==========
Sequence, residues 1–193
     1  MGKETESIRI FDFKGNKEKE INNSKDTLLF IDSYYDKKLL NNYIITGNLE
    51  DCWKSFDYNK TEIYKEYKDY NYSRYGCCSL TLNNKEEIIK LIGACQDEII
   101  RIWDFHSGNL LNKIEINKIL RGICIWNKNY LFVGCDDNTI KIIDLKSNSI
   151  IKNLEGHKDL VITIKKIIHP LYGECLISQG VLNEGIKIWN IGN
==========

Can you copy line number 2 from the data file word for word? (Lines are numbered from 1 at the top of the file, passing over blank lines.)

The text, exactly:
     1  MGKETESIRI FDFKGNKEKE INNSKDTLLF IDSYYDKKLL NNYIITGNLE